"Even a mistake may turn out to be the one thing necessary to a worthwhile achievement."
As I've frequently pointed out, people tend to learn a lot more from mistakes that they do from successes. It's part of the learning process. But for some reason, in today's society we've become terrified at the idea of making a mistake--and so we're hesitant to make decisions. Instead we try and make decisions by consensus or committee so that when things go wrong nobody is really to blame. And when big mistakes are made, the last thing we're going to do is admit them--right? All you have to do is watch a White House press briefing to see that. All the language wrangling and word parsing to make sure no clear position is taken on any issue and no clear blame is assigned or admitted even when mistakes were obviously made. It's chronic today. And it's sad. It's what's wrong with leadership today. Nobody wants to make a decision because nobody wants to accept the responsibility for the decision.
But life is about taking risks. If you want to be happy, you have to take certain risks. Some of those risks you make will turn out great. Others . . . well, you'll crash and burn. You make decisions and take risks when you choose a career, or when you choose a spouse. You take risks when you buy a house. You take risks when you leave your steady job for one that's a little more uncertain but probably more challenging and enjoyable. You'll get some right, and some wrong, and when you get it wrong, you have to pick yourself up, brush yourself off, figure out what went wrong, and learn from it (and if you're me, repeat the very same mistake a few times just to make sure it was a mistake).
My first boss used to say, "Mistakes are to be expected, but excuses will get your ass fired." It's always been my policy to admit my mistakes when I make them, no matter how stupid, or how embarrassing, or how damaging. I've never been fired for making a mistake (well, except when I drove the forklift through the side of the Pepsi warehouse, but that was a temp job). In fact, I've always been trusted more because I'm not afraid to admit an error. I've been given generous leeway over the years in trying new things, in part because my employers over the years knew if my idea didn't work out, I'll be the first to admit it. And boy have I made some whoppers! But I've also had some huge successes along the way as well. Fortunately, my successes have outweighed my failures--or I'd have certainly been fired a lot more than I have been.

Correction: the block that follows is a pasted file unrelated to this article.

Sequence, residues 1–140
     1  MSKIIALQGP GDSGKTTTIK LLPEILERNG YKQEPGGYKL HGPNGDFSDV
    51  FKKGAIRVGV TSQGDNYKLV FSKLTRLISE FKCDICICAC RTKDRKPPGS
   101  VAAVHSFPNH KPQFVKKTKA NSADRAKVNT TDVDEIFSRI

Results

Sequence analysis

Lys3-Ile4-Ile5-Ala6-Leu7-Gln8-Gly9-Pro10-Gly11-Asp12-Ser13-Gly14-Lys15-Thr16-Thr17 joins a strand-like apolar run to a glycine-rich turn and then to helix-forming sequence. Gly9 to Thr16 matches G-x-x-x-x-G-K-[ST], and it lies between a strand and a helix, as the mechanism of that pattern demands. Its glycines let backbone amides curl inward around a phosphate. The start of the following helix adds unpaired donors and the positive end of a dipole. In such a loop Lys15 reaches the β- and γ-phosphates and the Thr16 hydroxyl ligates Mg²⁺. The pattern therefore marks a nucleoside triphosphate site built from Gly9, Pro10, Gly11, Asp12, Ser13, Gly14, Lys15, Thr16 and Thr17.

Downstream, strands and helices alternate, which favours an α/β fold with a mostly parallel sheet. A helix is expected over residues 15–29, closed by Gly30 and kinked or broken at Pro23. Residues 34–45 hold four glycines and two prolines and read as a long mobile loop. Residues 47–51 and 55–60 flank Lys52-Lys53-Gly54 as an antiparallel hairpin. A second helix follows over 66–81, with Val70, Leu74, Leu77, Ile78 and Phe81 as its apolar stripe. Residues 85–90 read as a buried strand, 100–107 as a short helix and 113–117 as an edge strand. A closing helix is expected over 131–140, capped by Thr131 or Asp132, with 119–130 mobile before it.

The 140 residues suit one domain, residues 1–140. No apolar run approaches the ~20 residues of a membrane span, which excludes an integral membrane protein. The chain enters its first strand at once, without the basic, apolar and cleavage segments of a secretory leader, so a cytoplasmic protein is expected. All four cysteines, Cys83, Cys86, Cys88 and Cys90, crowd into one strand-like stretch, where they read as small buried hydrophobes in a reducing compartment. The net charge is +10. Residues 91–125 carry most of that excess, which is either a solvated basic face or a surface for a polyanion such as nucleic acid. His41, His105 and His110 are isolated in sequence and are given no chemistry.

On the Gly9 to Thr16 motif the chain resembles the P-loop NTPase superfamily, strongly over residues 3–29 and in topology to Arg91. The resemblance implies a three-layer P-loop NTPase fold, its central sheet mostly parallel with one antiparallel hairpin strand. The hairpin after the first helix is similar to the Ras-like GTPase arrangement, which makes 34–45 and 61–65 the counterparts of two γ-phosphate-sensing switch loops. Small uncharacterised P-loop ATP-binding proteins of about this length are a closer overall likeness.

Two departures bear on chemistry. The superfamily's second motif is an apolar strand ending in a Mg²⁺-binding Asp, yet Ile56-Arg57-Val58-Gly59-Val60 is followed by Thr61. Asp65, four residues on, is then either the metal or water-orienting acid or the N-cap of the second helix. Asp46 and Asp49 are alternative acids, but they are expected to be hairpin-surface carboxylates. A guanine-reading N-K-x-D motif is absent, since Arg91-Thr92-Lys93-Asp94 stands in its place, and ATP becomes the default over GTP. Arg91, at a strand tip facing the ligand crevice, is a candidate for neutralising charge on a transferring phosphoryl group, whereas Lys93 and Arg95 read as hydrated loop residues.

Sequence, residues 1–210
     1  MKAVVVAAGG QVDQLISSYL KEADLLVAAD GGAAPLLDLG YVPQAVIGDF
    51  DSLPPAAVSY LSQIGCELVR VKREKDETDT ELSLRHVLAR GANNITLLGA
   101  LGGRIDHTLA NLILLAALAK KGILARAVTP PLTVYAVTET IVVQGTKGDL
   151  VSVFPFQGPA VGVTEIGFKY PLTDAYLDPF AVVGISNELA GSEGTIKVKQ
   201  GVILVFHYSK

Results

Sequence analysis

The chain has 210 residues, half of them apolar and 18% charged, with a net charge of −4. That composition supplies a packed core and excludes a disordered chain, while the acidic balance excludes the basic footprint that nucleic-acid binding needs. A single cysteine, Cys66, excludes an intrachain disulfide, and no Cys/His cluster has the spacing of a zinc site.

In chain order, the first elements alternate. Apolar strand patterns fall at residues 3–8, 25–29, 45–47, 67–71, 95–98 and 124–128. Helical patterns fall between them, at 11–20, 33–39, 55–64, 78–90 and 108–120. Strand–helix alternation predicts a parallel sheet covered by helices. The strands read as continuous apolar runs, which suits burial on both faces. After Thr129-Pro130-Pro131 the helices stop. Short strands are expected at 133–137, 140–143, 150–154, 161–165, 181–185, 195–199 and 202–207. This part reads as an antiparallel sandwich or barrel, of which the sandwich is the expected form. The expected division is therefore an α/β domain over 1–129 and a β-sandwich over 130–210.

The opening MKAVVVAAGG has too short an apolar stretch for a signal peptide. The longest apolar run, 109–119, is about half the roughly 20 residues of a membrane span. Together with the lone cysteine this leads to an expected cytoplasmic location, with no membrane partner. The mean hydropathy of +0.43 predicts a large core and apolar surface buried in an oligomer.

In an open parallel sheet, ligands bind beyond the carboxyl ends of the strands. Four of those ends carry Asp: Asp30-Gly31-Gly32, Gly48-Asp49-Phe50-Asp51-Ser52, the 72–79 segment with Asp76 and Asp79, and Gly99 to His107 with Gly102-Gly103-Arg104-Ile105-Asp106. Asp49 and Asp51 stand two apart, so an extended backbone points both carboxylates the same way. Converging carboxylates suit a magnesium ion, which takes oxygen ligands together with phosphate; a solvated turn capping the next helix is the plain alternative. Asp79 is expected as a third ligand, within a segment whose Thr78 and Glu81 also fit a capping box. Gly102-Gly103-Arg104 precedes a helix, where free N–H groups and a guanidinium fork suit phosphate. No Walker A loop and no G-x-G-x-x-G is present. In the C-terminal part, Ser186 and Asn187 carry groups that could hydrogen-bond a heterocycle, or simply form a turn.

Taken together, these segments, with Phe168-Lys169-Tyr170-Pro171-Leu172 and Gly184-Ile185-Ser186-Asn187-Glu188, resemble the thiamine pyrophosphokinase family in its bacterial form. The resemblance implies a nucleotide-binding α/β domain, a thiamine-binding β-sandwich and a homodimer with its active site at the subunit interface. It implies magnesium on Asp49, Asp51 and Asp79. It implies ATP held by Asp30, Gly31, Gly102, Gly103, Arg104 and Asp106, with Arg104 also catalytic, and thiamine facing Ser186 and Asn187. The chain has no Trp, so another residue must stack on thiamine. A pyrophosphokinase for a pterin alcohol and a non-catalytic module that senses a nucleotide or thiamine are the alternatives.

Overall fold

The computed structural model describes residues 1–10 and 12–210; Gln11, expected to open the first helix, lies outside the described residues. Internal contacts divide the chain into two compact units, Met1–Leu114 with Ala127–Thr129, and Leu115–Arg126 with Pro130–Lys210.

You can't have a happy life fearing failure. A safe life may indeed be very low-risk, but it's also going to be very unsatisfying. I have friends that have a beautiful set of fine china they've never used. It was a very expensive wedding present, and it is safely wrapped in bubble wrap and put away where it will remain lovely forever. Of course it's hard to enjoy it when it's in a box, but they are so afraid of a chip, they'll never use it. That china hasn't seen the light of day in twenty years, and it's unlikely to see the light as long as they're alive. They don't even let the kids get around the box it's stored in. That china reminds me a few people I know. So afraid that life might damage them, they never get out of the box. They're safe in the box, but the downside of staying in the box is they never do what they were intended to do--what they were created to do. They never achieve their purpose.
As John Paul Jones said, "Those who will not risk, cannot win." Accept the fact that mistakes and failures are a part of life, and go out there and live life boldly. As my youngest daughter Katie says, "go big, or go home."
~Todd E. Creason